Incorporating Interdisciplinary Methods in Reforming the Law

The Doctrinal Method: Incorporating Interdisciplinary Methods in Reforming the Law

Abstract

The doctrinal methodology is in a period of change and transition. Realising that the scope of the doctrinal method is too constricting, academic lawyers are becoming eclectic in their use of research method. In this transitional time, legal scholars are increasingly infusing evidence (and methods) from other disciplines into their reasoning to bolster their reform recommendations.

This article considers three examples of the interplay of the discipline of law with other disciplines in the pursuit of law reform. Firstly the article reviews studies on the extent of methodologies and reformist frameworks in PhD research in Australia. Secondly it analyses a ‘snapshot’ of recently published Australian journal articles on criminal law reform. Thirdly, it focuses on the law reform commissions, those independent government committees that play such an important role in law reform in common law jurisdictions.

This examination demonstrates that while the doctrinal core of legal scholarship remains intact, legal scholars are endeavouring to accommodate statistics, comparative perspectives, social science evidence and methods, and theoretical analysis, within the legal research framework, in order to provide additional ballast to the recommendations for reform.

1 The Context

Like the Roman god Janus who is portrayed with two faces one looking to the past and the other to the future, the doctrinal methodology has strong roots in the past, but it is now transitioning towards an electronic globalised future. This discussion concentrates on the future of legal scholarship and the evolving taxonomy for incorporation of insights from other disciplines, particularly the social sciences, into reform-oriented legal research.

Even when a non-legal response might be just as appropriate to resolve a broader social problem, doctrinal researchers have tended to continue to work within the parameters of the discipline in order to make recommendations for reform. They have confined their research to a critical analysis and synthesis of the law. However, realising that the scope of the doctrinal method is too constricting, academic lawyers are becoming eclectic in their use of research method. Legal scholars may not often utilise non-doctrinal methods themselves, but they do include the results of the use of these methods in their research. In this transitional time, legal academics are increasingly infusing evidence (and methods) from other disciplines into their reasoning to bolster their reform recommendations. Current studies suggest that this is not occurring to the same extent within the law reform commissions.

This article considers three examples of research and writings by lawyers which are directed to law reform. This analysis examines the extent of the interplay between doctrinal analysis and research from non-doctrinal research methodologies within these sets of materials. Firstly the article reviews studies on the extent of methodologies and reformist frameworks in PhD research in Australia. Secondly it analyses a ‘snapshot’ of recently published Australian journal articles on criminal law reform. Thirdly it focuses on the law reform commissions, those independent government committees that play such an important role in law reform in common law jurisdictions.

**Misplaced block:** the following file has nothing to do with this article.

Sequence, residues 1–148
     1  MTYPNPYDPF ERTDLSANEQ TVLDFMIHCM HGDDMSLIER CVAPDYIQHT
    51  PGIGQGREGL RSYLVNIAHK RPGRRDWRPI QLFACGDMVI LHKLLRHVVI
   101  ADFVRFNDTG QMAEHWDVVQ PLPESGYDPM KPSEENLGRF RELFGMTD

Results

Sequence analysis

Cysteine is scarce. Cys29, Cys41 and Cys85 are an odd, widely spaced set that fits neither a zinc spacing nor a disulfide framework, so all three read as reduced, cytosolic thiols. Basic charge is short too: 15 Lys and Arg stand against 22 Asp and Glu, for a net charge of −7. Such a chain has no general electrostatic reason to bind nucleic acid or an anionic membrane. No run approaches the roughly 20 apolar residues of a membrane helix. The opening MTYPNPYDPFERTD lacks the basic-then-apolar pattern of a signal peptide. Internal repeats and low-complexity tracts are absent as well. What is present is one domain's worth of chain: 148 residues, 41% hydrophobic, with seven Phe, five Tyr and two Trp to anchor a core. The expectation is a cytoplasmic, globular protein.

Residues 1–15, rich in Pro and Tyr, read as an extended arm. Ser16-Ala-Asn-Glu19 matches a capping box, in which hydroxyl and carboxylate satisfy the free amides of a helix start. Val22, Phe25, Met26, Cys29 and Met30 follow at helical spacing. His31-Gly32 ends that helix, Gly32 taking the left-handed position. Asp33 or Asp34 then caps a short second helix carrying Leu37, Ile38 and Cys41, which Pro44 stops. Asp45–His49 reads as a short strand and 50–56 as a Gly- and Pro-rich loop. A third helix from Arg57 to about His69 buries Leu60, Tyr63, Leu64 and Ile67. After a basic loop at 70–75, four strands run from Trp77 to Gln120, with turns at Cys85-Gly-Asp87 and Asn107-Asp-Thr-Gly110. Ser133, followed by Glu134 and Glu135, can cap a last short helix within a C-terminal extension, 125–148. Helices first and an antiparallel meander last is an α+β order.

This examination demonstrates that while the doctrinal core of legal scholarship survives intact, legal scholars are, to some extent, endeavouring to accommodate statistics, comparative perspectives, social science evidence and methods, and theoretical analysis, within the legal research framework, in order to provide additional ballast to the recommendations for reform.

2 Clarifying the Basics: What Is Doctrinal Research? Historically, doctrinal analysis has been the dominant legal method in the common law world, although other categories of research such as reform oriented, theoretical, and fundamental have been acknowledged as important and to this extent doctrinal research has always included an interdisciplinary aspect. Nevertheless, legal academic success has been measured within a doctrinal methodology framework, which includes the tracing of legal precedent and legislative interpretation. The essential features of doctrinal scholarship involve ‘a critical conceptual analysis of all relevant legislation and case law to reveal a statement of the law relevant to the matter under investigation’.2 There is general consensus on this type of broad description. This ‘conceptual analysis critique’ is based on an understanding of the rules of precedent between the court jurisdictions, the rules of statutory interpretation, the tacit discipline knowledge such as the difference between civil and criminal jurisdictions, and various tests of liability, along with the acknowledged reasoning methods, borrowed from philosophy and logic, such as induction and deduction.

How does the doctrinal method relate to law’s discipline paradigm? Thomas Kuhn viewed paradigms as a shared frame of reference among researchers, which could be upset by new revelations leading to generational struggles between newer and more established researchers. Thus, paradigms are shared worldviews within a discipline, which determine what topics are ‘suitable’ to study, what methodologies are acceptable, and what criteria may be used to judge success. Other descriptions of paradigms include ‘taken-for-granted mind sets’, and according to this view, socialisation into the discipline is instrumental in ensuring that newcomers take on these ‘ways of knowing’.

A discipline paradigm encompasses any underlying philosophies, which again, in the common law world, has been predominantly liberalism, with its ideas of rationalism, the importance of personal property and individual self-determination. There are other aspects to the paradigm – the once-prevalent view of law as being objective and neutral, and positivism, with its view of law as being ‘what is’ rather than what ‘could be’ or ‘should be’ also form part of the paradigm. These characteristics are particularly ubiquitous in the British common law legal tradition. The established paradigm within research in the discipline of law has involved the individual scholar’s legal voice.